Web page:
Review – Redemption Beyond Evil in ‘The High Republic: Tempest Runner’ by Cavan Scott
So far, the stories of The High Republic remain in the pages of novels and comics. For us bookworms (I’m assuming you’re one, too, if you read these reviews) that’s not a bad thing. I’d be lying if I said I haven’t been hoping for these characters to come to life at some point. While we’ve yet to see a live-action take on them, Tempest Runner by Cavan Scott is arguably just as good and maybe even better. The story of Lourna Dee, the most ruthless Tempest Runner of the Nihil, is one of the most action-packed, fantastic Star Wars stories I’ve experienced. Thanks to a full cast, incredible sound design, and a wonderful story, The High Republic leaps off the pages and into your mind.
Lourna Dee is certainly a presence in the Nihil. She’s become a fan favorite, with her low tolerance for any B.S. in her ranks and eagerness to get what’s hers in the galaxy. With most of the novels so far focusing on Marchion Ro, there hasn’t been an opportunity to learn what drives this one Twi’lek force. Author Cavan Scott takes full advantage of this opportunity, equipped with the medium of audio drama and a fantastic cast, bringing Lourna Dee and her story into our ears. If you’re familiar with Scott’s other audio drama, Dooku: Jedi Lost, the structure is very similar. Dee’s flashbacks provide exposition, showing us where she comes from and how she ended up at the near top of the food chain in the Nihil.
You’ll finish this story and never look at Lourna Dee the same way again in future stories. That’s the point, huh? Well, you likely won’t look at the galaxy, the Nihil, the Jedi, and maybe even contrasts of good and bad in your own life the same way. A basic truth Lourna’s story exhibits is nothing is ever as simple as it seems. It’s a popular adage to say “No villain believes they’re the villain“, but what makes Lourna so complex and so easy to sympathize with is she very often does. And not in a guns-blazing, scorched earth sentiment. It’s often when she’s on the verge of accepting friendship or help, she discounts herself, and the sins of her past continue to grip and drag her down. Lourna is not her own worst enemy, she’s just never allowed herself to feel deserving and, as you’ll learn, it’s because she’s been under others’ control for so long. Whether it’s under the weight of the Nihil or a Republic therapy session, Lourna is often forced to let someone else write her story.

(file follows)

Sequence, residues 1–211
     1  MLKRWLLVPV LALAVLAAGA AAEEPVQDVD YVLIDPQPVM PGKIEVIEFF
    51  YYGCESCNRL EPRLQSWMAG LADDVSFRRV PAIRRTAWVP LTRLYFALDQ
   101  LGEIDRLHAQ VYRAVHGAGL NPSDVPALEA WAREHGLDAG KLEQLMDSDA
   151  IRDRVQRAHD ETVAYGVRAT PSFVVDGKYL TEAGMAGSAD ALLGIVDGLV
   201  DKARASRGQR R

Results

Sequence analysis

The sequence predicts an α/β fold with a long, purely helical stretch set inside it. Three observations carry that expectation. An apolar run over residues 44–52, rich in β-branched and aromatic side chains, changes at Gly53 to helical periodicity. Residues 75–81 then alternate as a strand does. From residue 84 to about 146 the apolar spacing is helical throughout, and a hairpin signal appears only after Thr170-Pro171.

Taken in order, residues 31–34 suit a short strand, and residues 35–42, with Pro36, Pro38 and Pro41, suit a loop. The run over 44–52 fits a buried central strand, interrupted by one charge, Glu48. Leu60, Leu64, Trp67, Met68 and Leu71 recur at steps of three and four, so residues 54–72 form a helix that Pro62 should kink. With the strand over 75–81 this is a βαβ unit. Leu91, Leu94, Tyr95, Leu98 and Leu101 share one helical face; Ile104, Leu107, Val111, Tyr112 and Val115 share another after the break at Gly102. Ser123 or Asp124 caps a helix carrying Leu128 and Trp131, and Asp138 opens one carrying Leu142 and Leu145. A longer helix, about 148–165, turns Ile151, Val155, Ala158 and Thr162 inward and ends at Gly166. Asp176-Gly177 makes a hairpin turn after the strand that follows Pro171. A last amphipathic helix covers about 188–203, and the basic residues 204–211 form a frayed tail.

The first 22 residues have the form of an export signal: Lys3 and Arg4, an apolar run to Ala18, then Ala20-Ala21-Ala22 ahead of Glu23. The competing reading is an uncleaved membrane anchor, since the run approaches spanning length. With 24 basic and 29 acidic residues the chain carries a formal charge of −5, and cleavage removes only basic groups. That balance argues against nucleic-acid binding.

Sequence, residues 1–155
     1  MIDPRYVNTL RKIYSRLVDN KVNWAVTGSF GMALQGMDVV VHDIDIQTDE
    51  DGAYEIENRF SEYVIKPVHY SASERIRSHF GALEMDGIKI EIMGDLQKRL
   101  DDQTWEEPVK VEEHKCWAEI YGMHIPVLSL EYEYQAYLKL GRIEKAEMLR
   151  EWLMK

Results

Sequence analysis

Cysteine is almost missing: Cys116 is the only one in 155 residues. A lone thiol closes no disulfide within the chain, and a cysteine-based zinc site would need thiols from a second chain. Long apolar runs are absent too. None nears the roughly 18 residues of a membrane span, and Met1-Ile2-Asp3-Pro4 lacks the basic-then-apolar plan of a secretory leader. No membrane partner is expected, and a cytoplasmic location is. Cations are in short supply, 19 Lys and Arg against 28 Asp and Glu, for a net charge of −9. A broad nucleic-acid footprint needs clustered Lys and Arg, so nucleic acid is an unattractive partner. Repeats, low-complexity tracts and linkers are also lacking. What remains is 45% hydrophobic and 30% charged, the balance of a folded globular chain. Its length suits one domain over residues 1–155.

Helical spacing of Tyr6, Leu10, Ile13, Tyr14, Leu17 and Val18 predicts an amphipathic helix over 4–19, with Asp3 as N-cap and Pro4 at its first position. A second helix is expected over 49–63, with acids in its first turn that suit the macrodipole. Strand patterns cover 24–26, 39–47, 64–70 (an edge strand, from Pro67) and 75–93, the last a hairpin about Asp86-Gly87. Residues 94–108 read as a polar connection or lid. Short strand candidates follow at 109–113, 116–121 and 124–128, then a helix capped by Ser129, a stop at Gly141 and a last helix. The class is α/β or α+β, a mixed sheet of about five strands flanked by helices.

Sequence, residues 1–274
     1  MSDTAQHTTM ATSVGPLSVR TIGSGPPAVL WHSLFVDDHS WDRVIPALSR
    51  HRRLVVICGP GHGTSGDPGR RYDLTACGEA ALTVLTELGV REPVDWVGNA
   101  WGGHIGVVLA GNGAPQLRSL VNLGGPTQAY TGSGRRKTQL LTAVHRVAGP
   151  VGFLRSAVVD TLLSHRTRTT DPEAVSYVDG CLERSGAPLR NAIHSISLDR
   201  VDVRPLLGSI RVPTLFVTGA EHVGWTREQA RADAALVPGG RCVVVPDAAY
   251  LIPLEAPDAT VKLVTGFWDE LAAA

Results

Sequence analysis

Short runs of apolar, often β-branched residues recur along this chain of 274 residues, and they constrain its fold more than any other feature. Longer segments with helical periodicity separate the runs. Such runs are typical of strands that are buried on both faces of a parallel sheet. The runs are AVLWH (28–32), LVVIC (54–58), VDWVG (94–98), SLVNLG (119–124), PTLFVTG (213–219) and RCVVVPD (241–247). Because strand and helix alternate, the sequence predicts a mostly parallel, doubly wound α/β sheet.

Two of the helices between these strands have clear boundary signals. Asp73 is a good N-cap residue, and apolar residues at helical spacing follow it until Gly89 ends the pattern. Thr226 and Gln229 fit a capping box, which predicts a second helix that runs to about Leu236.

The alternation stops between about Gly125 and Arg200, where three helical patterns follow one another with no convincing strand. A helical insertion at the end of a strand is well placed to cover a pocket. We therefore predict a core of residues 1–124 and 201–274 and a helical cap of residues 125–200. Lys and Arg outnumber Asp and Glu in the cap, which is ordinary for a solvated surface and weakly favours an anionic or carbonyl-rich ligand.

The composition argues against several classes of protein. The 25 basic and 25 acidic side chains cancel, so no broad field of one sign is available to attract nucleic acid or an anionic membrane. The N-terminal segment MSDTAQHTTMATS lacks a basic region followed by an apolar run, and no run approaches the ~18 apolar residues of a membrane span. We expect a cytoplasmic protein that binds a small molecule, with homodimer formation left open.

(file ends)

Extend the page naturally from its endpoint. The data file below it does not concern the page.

I’ll keep this review mostly spoiler-free, but if you want to go in with fresh eyes, which I recommend, maybe stop reading here and come back after. Cavan Scott continues to elevate the standards fans have come to expect from him. This is a remarkable character portrait and an incredibly compelling story. The cast is excellent, and the sound design will blow you away. You won’t be disappointed at all.
Tempest Runner takes place between the events of Scott’s The Rising Storm and Out of the Shadows by Justina Ireland. In that sense, it definitely feels like it bridges Dee’s presence in both, but it’s so much more than that. After a thwarted raid attempt on a Republic outpost, Lourna Dee and several members of her crew are captured by responding Jedi. Favorites Keeve Tennis, Avar Kriss, and Sskeer are all along to help. Tempest Runner helmets turn out to not only be utilitarian, as they provide a shield of anonymity. Most of Dee’s crew have never seen her or her face, which works out in her favor, since the Jedi and the Republic believe Lourna Dee is The Eye of the Nihil. No one even knows who Marchion Ro is, the trick of the devil.
Dee improvises quickly, hiding her identity and calling herself Sal. She blends into the general population of inmates aboard the floating prison, the Restitution. Though the Republic paint it with a rosy color of rehabilitation, it differs little from what we know in the real world as a modern prison. Inmates are transported from world-to-world, providing forced labor to planets, with what little credits prisoners are paid being put right back into the cyclical economy of the commissary. There are those who view the prisoners with disdain and those who truly wish to see them rehabilitated, but Dee doesn’t distinguish.
It’s not Orange is the New Black in a galaxy far, far away, but we are reminded criminality is not often a conscious choice. It’s usually a slow, long path of small bad choices, eventually leading someone like Lourna Dee into the forest forgetting the trees. Through Dee’s debriefing, we see where that journey began. Dee wasn’t born into the Nihil, she actually comes from a distinguished Twi’lek family, feudal lords of a planet in the Ryloth system. Her family’s struggles to provide food for the population while paying the tithe to Ryloth and the Republic are what turn her toward a morally dubious path. Lourna knows there is a vast amount of narcotic spice on the planet and encourages her family to harvest it to provide for the people. When they refuse, she makes the decision herself, setting off a chain of disastrous events which end up with her in the cell of a slave ship bound for Nal Hutta.